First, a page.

Thursday, August 13, 1998 Published at 16:59 GMT 17:59 UK
The pill protects women at risk of ovarian cancer
Contraceptive pills may protect even highly vulnerable women
Even women at high risk can be protected against cancer of the ovaries if they take oral contraceptives, scientists have discovered.
Doctors have long known that the hormones in oral contraceptives cut the risk of ovarian cancer by at least 50%.
But a new study, published in the New England Journal of Medicine, shows that the benefits also extend to women who carry the cancer gene mutations BRCA1 and BRCA2 which make them more prone to developing tumours.
Much bigger risk
Women with BRCA1 are up to 45% more likely to develop ovarian cancer. The risk is 25% among women with BRCA2.
Doctors sometimes recommend that women carrying the genes have their ovaries surgically removed once they have finished having children.
Researchers looked at 207 women with ovarian cancer whose DNA carried either the BRCA1 or BRCA2 mutation.
Women who took an oral contraceptive for six or more years had a risk reduction of 60%.
For women who took "the pill" for three years or less, the contraceptives cut the ovarian cancer rate by 20 percent.
More research required
However the scientists warned more research was required before oral contraceptives could be recommended as a way to prevent ovary tumours.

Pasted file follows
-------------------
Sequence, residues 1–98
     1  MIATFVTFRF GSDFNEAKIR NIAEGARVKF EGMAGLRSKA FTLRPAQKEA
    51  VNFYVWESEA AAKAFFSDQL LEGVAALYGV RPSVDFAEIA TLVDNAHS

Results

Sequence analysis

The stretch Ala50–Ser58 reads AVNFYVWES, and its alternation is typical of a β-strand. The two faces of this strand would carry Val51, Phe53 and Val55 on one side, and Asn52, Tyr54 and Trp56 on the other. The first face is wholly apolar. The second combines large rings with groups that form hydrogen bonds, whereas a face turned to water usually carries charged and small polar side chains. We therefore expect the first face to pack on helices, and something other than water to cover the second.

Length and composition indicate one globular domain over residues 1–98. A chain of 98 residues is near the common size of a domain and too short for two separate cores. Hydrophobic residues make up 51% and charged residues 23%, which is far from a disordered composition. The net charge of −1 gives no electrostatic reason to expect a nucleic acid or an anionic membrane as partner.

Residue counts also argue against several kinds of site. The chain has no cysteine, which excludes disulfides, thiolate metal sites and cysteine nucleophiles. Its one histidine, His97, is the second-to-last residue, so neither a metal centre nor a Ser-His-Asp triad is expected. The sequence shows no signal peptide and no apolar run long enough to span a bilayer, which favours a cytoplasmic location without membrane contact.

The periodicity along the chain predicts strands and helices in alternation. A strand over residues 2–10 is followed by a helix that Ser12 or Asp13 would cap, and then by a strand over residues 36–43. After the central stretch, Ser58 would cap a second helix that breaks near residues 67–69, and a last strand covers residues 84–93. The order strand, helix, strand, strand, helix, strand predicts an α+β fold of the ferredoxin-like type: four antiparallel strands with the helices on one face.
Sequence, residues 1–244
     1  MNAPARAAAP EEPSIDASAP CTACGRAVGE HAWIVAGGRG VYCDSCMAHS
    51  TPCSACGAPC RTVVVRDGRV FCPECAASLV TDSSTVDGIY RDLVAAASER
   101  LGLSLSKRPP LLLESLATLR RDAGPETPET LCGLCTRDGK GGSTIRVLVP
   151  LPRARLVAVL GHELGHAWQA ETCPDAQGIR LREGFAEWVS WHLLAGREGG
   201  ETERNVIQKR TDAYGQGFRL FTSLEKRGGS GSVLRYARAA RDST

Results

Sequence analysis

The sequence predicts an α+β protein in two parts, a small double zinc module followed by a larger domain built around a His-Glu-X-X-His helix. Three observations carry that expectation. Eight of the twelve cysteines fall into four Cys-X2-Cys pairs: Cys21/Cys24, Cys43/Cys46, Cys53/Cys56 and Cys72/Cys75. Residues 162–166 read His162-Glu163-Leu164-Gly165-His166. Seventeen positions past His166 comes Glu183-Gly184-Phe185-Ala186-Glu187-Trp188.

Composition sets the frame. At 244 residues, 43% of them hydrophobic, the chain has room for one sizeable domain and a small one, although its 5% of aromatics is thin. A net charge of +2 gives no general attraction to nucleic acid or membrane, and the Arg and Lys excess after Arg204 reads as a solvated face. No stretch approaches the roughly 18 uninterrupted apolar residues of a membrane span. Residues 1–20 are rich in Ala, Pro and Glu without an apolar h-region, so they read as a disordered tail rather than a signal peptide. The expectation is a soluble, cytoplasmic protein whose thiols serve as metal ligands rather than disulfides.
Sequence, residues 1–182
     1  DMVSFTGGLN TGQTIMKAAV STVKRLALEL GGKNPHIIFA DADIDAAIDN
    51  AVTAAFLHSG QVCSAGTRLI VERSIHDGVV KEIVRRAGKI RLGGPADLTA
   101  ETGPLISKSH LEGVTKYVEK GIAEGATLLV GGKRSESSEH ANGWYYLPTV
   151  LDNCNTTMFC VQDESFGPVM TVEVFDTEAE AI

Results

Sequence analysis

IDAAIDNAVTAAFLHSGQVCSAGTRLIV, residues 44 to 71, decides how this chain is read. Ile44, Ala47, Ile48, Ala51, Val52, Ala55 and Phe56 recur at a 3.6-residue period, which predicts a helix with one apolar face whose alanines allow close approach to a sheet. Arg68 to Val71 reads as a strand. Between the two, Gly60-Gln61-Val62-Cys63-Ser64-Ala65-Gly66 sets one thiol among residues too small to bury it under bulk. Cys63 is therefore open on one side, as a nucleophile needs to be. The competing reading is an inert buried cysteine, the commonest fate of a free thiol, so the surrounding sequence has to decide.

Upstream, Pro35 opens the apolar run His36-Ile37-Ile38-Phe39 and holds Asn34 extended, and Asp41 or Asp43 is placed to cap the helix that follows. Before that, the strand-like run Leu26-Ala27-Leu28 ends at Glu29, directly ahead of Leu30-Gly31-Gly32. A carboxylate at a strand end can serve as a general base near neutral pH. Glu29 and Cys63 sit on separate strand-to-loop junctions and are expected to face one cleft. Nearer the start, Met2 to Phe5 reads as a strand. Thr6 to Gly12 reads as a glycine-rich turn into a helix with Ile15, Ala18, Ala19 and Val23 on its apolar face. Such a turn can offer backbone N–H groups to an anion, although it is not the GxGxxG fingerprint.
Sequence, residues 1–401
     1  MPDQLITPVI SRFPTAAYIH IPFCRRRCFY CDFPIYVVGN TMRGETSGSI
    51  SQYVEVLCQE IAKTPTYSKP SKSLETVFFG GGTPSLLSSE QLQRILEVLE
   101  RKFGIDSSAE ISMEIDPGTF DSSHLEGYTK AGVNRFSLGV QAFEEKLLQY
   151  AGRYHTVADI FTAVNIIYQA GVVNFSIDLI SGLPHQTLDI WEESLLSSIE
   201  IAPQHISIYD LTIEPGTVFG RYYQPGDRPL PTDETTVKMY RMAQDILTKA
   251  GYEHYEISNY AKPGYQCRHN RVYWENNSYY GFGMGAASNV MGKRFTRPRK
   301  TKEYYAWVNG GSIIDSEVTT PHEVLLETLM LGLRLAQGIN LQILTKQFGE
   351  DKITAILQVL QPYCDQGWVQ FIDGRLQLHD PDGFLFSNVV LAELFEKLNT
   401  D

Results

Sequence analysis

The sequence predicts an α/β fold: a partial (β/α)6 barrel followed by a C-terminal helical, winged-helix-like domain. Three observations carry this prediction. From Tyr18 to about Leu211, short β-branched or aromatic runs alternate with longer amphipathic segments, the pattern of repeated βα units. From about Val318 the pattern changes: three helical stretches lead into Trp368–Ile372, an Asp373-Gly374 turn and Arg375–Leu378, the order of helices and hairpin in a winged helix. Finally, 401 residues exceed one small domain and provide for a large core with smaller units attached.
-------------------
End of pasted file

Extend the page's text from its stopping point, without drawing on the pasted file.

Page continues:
The BRCA1 and BRCA2 also increase the risk of breast cancer and it is unknown what the impact of oral contraceptives is on that risk.
In some studies, birth control pills seem to be responsible for elevating the risk of breast cancer, perhaps by 10 to 20%. But not all studies have confirmed that.
The researchers also warned that different oral contraceptives contain different combinations of hormones, and their findings do not show if one hormone mixture is better than others at preventing ovarian cancer.
They noted that surgery was still the most effective way to prevent ovariain cancer.
Never having been pregnant, eating fatty foods, taking fertility drugs and using talcum powder may also increase the risk of ovarian cancer.
Professor Gordon McVie, director general of the Cancer Research Campaign, said more research was needed before firm conclusions could be drawn.
But he said the new study opened up a potentially rich avenue of investigation which could yield more details of the mechanism of ovarian cancer.
Professor McVie said: "It is really quite exciting. We have now got the technology to identify people at risk, but as yet we do not have anything to offer them."